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Financial services updater | Norton Rose Fulbright

Financial services updater - international edition

23 January 2012

London office building


Key industry sectors


Welcome to the latest international edition of our financial services updater.

Highlights this week include:

  • Treasury Select Committee Report on the Financial Conduct Authority
  • Policy Statement 12/1: Auctioning of greenhouse gas emission allowances: Feedback to CP11/14

ARROW visit coming up? It is important that firms properly prepare themselves for an ARROW visit. There are many ways in which we can assist in this preparation to ensure that the process runs smoothly. For further information please contact either Jonathan Herbst or Peter Snowdon

Capital adequacy

Capital instruments: Pre-issuance notification

In Handbook Notice 114 (November 2011) the FSA stated that, from 1 February 2012, all firms that calculate their regulatory capital under GENPRU had to notify it before issuing any capital instrument that they wished to include as regulatory capital, either at solo or group level.

The FSA has created a new web page on its website concerning Capital instruments: Pre-issuance notification.

The web page briefly sets out the circumstances in which the obligation arises and what firms need to tell the FSA. It also contains links to further guidance including FAQs and the notification form.

View Capital instruments: Pre-issuance notification, 16 January 2012

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Clearing & settlement

CPSS-IOSCO publishes final report on requirements for OTC derivatives data reporting and aggregation

The International Organisation of Securities Commissions (IOSCO) and the Committee on Payment and Settlement Systems (CPSS) have published a final report on the over-the-counter (OTC) derivatives data that should be collected, stored and disseminated by trade repositories (TRs). The report addresses Recommendation 19 in the October 2010 report of the Financial Stability Board entitled Implementing OTC derivatives market reforms.

The report specifies minimum requirements for reporting data to a TR and for the reporting by a TR to regulators, as well as types of acceptable data formats. The report also discusses issues relating to authorities’ and reporting entities’ access to data, and disseminating selected OTC derivates data to the public while taking into account any confidentiality constraints. The report also addresses data aggregation mechanisms and tools needed to enable authorities to aggregate data in a manner that fulfils their regulatory mandates, including methods, rationale and possible tools to implement data aggregation such as legal entity identifiers. The report also makes recommendations in the following key areas: minimum data reporting requirements, access to data and development of a standard international product classification system.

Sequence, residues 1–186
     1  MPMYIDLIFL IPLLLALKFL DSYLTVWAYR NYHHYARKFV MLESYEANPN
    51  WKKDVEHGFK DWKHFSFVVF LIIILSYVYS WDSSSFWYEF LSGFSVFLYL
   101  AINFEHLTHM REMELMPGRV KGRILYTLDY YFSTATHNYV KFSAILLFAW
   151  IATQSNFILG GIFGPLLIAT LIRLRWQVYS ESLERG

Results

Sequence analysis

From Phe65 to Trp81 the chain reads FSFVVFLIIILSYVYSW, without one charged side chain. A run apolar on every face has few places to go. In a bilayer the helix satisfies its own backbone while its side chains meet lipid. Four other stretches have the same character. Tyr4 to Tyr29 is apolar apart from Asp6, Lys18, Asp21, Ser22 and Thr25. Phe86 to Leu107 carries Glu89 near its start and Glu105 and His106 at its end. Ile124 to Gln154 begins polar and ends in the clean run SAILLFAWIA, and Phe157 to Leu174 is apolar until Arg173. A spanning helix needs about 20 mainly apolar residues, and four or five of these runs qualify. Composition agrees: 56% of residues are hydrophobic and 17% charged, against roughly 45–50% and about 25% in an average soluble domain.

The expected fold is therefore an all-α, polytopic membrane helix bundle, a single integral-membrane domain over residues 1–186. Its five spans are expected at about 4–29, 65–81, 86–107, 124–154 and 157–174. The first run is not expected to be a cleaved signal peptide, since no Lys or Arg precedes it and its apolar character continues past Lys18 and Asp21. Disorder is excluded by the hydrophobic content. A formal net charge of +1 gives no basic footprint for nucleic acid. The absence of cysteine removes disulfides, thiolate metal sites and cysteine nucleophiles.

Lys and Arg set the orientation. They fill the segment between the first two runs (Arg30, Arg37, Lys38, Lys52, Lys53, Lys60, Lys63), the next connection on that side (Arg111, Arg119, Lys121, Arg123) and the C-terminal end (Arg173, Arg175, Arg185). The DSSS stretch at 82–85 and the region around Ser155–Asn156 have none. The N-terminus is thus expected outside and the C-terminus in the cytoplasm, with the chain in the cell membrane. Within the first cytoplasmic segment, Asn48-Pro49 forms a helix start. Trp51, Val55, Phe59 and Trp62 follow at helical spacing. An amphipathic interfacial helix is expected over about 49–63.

View CPSS-IOSCO publishes final report on requirements for OTC derivatives data reporting and aggregation, 17 January 2012

The T2S Framework Agreement: A management summary

TARGET2-Securities (T2S) is one of the most ambitious projects that the Eurosystem has embarked upon. The purpose of T2S is to provide harmonised delivery-versus payment (DvP) settlement in central bank money in a variety of currencies for almost all heavily traded securities circulating in Europe. It will therefore be a major step forward in creating a single market in securities, removing many of the Giovannini barriers to cross-border clearing and settlement, as well as acting as a catalyst for further harmonisation in post-trading services. It is intended that T2S will make cross-border settlement identical – in terms of cost, risk and technical processing – to domestic settlement. Owned by the Eurosystem, operated on a cost-recovery basis and designed for the benefit of the users, T2S aims to be a state-of-the-art securities settlement platform.